The Thoughtful Leader

A Rumination on Woody Allen’s Midnight in Paris

Last night I went to see Woody Allen’s latest movie, Midnight in Paris. As usual with Woody Allen’s movies, I loved all the silly imaginative high jinx, as well as the gorgeous soft shots of Paris in the rain, but I realized when I got home that the movie was really about “differentiation of self”. The young American hero, Gil (with all his neurotic “Woodyisms”),figures out what he really wants to do with his life, where his creativity lies, and what isn’t working in his primary relationship. He decides to make enormous changes in the focus of his work, where he is going to live, and who he is going to be involved with. And then he steps up, and makes those changes.

In the movie we are treated to the many beautiful distractions of Gil’s visits back in time to Paris in the 1920s, as well as experiencing his painful conflicts with a spoiled fiancée and her parents. We don’t know anything about his family of origin, where his parents and possible siblings may be and what they might think of the way his life is changing. We don’t know about work commitments he may be walking away from, but in the end we do have a sense of his integrity in making the right next choices for himself.

What worked in the movie for me was its emotional realism. It reaffirmed for me how terribly hard it is to make really significant changes in our lives and how anxious we can be as we try heading in a new direction. Gil’s confusion and his muddling efforts to get along with everyone, to accommodate to the demands of his fiancée while still working hard to define himself, seemed very authentic to me. Differentiation is never easy, and most of us take at least one or two steps backward for every forward move we make in the direction of more mature behavior. None of us is probably quite as twitchy as Woody Allen’s anxious fictional characters, but deep down we are often not sure we are doing the “right” thing and can struggle in our own ways to clarify where we want to be going.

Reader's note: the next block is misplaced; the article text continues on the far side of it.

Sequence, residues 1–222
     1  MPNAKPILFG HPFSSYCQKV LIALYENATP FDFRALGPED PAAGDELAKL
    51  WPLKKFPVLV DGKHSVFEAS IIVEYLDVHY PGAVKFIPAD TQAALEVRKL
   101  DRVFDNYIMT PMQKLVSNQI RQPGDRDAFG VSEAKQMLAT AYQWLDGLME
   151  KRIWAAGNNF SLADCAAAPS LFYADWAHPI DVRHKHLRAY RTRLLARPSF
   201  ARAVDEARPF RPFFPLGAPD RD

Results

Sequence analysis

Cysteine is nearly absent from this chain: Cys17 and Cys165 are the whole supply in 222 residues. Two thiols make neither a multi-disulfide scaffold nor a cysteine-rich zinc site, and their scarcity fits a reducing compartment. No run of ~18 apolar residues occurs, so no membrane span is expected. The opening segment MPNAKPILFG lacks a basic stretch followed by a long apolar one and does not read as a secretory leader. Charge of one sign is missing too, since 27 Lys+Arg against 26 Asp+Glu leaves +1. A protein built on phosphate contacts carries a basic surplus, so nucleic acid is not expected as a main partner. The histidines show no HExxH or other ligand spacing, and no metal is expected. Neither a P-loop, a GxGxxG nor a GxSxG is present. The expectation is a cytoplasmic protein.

Did some of Gil’s uncertainties resonate for you in your work setting? How did the movie speak to you? Is your life going in a direction that works for you personally and professionally?
Katharine Gratwick Baker, PhD


2 Thoughts on “A Rumination on Woody Allen’s Midnight in Paris

  1. Gehan Attia on June 30, 2011 at 12:53 pm said:

    I watched Midnight in Paris last weekend. I did not think of “differentiation” as Gil’s real problem. But now that you brought it up you are 100% correct. Differentiation some times is viewed as being inconsiderate or selfish attitude and that is why the struggle goes on and on. Till one day the pressure mount and a decision is made to spin off and the be ones own self. Now that I am aware of differentiation I respect others decision not to give in .My kids are now happier and less anxious

  2. I also love all the silly imaginative high jinx, as well as the gorgeous soft shots of Paris in the rain. The issues is very well defined and explained. Moreover it contains lot of detailed information. Thanks for sharing about Woody Allen’s latest movie and looking forward to seeing new posts.
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